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Medical Articles

Collagen in tendon, ligament, and bone healing. A current review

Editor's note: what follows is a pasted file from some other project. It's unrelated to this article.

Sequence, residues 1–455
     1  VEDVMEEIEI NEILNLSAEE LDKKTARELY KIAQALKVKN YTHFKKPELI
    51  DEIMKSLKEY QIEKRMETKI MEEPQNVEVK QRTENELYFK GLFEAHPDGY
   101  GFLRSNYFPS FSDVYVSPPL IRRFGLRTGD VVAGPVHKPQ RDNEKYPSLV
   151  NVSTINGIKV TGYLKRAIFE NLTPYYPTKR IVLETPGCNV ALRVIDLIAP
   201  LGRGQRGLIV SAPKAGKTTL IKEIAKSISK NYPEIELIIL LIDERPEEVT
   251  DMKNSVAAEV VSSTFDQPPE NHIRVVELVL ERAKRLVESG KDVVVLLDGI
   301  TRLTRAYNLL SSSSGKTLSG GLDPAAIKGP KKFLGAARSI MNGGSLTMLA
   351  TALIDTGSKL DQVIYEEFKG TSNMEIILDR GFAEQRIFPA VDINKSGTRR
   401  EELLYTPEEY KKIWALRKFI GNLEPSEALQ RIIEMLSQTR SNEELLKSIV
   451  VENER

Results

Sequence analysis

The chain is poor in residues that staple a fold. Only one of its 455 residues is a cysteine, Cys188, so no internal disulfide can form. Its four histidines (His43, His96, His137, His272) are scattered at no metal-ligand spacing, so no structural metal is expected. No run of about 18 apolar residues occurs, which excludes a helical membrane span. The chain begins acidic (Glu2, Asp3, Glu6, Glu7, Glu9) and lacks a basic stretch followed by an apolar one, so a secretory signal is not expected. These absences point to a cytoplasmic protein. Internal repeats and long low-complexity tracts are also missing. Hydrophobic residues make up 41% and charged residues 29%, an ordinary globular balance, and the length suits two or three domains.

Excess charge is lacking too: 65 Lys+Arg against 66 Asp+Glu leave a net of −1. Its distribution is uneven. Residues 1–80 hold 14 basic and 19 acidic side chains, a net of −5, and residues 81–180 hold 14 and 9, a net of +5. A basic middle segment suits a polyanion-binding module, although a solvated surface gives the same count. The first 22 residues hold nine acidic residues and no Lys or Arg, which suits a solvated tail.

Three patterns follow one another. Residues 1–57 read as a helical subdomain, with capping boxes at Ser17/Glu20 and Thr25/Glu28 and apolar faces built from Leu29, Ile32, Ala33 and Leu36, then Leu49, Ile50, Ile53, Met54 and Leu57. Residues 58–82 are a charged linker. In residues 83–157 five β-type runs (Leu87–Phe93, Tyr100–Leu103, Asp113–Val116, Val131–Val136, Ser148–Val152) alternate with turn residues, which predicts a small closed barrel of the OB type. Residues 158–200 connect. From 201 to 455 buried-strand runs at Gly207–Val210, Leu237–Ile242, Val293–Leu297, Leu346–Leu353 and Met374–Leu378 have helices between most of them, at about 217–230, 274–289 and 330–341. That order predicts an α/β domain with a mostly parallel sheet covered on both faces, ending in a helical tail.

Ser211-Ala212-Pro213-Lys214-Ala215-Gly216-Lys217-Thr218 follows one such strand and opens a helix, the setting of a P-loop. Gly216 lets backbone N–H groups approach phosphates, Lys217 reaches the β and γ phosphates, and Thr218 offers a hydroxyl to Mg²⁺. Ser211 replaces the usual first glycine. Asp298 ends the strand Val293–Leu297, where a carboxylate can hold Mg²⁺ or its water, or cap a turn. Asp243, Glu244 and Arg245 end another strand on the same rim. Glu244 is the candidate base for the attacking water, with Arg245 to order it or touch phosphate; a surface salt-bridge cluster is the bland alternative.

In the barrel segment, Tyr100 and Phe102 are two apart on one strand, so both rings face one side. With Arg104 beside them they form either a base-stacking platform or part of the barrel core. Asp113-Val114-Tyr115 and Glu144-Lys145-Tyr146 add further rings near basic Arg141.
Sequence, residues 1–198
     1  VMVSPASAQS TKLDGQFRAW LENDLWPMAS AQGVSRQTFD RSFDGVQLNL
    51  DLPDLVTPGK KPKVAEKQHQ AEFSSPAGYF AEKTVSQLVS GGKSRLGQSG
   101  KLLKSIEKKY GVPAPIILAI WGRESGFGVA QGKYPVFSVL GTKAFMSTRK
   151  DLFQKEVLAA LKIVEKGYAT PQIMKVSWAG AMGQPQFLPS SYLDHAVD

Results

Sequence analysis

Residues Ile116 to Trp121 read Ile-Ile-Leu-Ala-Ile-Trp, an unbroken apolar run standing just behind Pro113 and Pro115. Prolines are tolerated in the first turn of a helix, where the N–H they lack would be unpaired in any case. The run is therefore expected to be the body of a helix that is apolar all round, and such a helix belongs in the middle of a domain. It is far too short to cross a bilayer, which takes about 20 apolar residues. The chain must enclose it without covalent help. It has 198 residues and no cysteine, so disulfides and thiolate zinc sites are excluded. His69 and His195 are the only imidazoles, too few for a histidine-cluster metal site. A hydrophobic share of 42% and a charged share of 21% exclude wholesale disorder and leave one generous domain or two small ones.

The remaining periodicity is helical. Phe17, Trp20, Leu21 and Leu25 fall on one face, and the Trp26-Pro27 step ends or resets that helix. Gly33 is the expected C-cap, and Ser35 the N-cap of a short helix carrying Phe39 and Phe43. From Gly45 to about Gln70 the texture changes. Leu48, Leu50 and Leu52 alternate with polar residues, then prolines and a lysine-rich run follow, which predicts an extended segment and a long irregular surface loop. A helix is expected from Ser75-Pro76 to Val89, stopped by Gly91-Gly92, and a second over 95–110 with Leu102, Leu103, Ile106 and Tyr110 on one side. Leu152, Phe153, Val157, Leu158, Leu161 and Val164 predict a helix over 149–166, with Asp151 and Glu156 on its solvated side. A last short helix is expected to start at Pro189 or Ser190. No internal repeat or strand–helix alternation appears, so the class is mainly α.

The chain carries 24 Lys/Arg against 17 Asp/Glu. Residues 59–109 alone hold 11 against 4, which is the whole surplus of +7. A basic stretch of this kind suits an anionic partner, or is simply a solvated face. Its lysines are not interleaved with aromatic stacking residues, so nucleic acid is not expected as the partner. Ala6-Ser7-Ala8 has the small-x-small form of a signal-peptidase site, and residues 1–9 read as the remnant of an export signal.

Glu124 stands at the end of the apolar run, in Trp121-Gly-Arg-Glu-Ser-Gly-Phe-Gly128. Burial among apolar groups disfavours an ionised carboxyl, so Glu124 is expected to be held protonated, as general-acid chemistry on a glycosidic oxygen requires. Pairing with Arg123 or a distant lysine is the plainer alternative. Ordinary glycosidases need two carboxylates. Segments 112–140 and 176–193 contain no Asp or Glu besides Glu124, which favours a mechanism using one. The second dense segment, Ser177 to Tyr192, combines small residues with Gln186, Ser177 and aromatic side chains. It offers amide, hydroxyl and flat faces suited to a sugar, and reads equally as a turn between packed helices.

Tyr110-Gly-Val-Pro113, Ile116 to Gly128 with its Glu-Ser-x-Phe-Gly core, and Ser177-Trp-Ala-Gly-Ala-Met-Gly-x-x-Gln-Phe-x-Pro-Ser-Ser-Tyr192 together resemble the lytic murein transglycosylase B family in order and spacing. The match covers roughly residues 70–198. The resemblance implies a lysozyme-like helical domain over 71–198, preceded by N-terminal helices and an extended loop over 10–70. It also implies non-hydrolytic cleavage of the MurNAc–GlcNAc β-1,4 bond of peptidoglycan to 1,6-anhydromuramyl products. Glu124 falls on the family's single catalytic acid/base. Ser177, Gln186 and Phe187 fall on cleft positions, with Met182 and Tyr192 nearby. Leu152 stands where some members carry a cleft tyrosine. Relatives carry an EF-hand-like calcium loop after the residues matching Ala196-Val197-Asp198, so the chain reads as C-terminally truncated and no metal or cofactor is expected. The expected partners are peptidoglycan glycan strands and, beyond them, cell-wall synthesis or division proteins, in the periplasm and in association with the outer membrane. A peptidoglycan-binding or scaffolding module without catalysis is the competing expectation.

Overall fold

Cells that produce a particular type of collagen under normal physiologic circumstances can be induced by certain local triggers to change the amount and type of collagen synthesized. This has become most apparent during bone, tendon, and ligament healing, where cells that once produced the collagen of normal intact tissue are induced to synthesize different types of collagen at the repair site of injured tissue. For example, Type III collagen, not a major component of the extracellular matrix in normal tendons, is believed to be of great advantage during the healing process because of its ability to form rapid crosslinks and precariously stabilize the repair site. Although much is known about the gross histologic changes occurring during tissue healing, little is known about the specific role of the individual collagen types or what influences their development. This review addresses the role of collagen in normal and healing bone, tendon, and ligament. Much experimental effort is needed to uncover the distribution and function of the collagen types within connective tissue elements and the effect of growth factors on the phenotype of collagen produced in these tissue, with the ultimate goal of developing clinical manipulations that take advantage of the unique properties of each type of collagen